There is a well-known Chinese proverb that says that wise adapt themselves to the circumstances. Having a mind-set to be comfortable with one’s own comfort zone fosters an attitude of helplessness, making it harder for them to progress. You can only grow when you step outside your fortress and venture into the wilderness. It is imperative for one to explore out of their discomfort, being adaptable to change and to understand the importance of learning.

Being willing to give up the familiarity of the known and able to adapt the behavior increases the ability to communicate and build relationships with other people.

I would like to present the example of a Chief Operating Officer of the Procter & Gamble Company, who spent much of the past two decades in various overseas postings. In his recent interview, he stated "I did not expect to live outside US for 15 years. The world has changed, so I had to change too. When you look at my biodata, foreign languages are not my best subjects. But when you move out of your culture, you have no option but to learn their culture and their language."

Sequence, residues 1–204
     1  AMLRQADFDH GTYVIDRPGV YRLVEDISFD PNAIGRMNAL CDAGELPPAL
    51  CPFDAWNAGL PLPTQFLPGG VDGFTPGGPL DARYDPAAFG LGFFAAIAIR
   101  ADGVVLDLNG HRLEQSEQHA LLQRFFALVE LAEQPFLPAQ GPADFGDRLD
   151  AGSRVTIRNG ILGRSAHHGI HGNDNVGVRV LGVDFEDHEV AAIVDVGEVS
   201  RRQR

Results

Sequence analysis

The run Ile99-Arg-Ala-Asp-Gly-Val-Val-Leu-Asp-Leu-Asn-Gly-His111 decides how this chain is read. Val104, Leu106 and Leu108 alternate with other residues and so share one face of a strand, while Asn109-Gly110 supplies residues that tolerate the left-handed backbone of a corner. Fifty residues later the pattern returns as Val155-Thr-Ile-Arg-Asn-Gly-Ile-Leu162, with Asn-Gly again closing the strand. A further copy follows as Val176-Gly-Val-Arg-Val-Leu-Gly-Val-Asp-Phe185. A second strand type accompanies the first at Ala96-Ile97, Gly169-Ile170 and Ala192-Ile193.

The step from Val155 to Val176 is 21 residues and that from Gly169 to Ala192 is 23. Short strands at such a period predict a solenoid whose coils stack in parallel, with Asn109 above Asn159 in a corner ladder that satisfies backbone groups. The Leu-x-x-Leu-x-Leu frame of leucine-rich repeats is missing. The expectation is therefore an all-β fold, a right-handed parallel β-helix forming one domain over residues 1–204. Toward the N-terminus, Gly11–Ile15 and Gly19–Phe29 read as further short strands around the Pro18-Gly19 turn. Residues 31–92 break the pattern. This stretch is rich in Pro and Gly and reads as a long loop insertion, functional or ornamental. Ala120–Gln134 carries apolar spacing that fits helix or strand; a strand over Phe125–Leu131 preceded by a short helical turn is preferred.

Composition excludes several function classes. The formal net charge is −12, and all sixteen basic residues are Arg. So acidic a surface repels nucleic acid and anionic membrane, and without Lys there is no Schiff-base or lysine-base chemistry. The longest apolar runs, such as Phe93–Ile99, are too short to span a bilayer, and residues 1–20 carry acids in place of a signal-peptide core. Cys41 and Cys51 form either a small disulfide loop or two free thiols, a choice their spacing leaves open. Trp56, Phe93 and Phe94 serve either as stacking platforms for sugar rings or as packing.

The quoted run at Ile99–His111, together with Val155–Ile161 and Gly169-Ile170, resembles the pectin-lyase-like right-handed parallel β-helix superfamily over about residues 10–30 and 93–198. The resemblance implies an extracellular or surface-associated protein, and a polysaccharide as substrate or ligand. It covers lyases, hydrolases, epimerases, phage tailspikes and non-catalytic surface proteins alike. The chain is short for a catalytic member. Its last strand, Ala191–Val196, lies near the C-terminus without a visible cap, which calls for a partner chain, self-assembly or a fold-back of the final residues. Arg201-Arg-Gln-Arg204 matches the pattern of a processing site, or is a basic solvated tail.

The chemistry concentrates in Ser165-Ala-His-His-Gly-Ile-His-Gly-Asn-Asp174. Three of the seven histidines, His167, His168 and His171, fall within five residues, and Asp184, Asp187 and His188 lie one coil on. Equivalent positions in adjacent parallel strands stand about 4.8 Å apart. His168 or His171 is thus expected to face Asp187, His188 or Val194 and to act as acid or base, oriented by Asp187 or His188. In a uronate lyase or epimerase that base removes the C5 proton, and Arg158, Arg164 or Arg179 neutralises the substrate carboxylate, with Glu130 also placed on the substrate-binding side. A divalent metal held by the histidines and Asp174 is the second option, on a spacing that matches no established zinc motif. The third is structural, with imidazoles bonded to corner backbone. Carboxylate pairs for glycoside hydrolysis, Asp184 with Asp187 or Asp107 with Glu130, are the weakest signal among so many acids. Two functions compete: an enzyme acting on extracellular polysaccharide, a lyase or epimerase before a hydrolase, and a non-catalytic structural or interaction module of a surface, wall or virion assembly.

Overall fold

Such kind of willingness to get out of one’s comfort zone and learn continuously without complaining is a way of adapting to the change and definitely marks a key difference between a successful and unsuccessful human being.

© The blogger is an independent writer and works with Aga Khan Development Network